I had been toying with the idea of taking up some kind of gentle exercise for years but was always too busy and then, when John became more frail, I had time but could only learn by watching a video (which back then was a tape in a machine). That didn’t work for me so I gave up. After he died and I was looking for ways to get out and meet people I decided to see if I could find either a Yoga or Tai Chi class locally and searched online. It was September and I knew that going out after dark when it was also cold would challenge my commitment. There was no Tai Chi group which was in a suitable place at a time I felt able to manage but there was an afternoon Yoga class in Cardigan so I went along.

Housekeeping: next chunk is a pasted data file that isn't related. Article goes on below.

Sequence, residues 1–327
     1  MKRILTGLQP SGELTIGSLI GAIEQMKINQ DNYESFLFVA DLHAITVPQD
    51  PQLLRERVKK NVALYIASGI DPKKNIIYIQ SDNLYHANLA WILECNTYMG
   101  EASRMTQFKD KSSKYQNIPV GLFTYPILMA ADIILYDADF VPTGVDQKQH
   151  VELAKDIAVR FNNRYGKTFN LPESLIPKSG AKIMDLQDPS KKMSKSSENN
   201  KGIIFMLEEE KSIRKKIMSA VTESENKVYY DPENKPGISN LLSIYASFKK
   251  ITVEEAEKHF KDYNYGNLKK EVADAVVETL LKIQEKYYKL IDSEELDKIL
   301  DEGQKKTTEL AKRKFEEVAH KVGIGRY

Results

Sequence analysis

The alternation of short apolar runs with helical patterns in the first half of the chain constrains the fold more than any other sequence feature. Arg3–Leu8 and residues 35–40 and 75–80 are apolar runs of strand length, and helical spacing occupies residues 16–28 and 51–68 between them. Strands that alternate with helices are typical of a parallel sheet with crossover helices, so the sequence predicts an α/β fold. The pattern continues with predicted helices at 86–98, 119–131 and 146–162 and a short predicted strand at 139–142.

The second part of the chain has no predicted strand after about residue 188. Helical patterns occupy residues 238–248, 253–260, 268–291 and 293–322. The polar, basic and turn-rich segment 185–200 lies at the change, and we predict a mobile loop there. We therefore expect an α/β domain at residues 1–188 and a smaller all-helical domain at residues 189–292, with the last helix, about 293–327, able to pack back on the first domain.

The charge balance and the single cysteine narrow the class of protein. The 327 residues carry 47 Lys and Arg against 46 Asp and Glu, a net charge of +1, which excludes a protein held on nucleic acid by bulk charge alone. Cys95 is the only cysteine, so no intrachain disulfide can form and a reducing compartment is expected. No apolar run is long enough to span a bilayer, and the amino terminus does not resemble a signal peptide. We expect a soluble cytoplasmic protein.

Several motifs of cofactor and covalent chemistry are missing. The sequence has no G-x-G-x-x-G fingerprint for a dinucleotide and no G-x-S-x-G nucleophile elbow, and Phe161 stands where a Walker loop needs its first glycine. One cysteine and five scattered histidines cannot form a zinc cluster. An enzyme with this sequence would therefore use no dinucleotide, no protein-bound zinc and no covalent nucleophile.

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The Small Wold Theater in Cardigan where that class was held

I enjoyed the moving and stretching but was disappointed that none of the group spoke to each other. We arrived, rolled out our mats, did what the teacher told us, rolled up our mats and left. Then after about a year the teacher had to take a break for a term as she had several family members needing extra help. I mentioned it to someone I volunteered with who suggested I go to the class she was in which met in an evening. It was summer time so I thought it would not be too bad going out later and it would tide me over.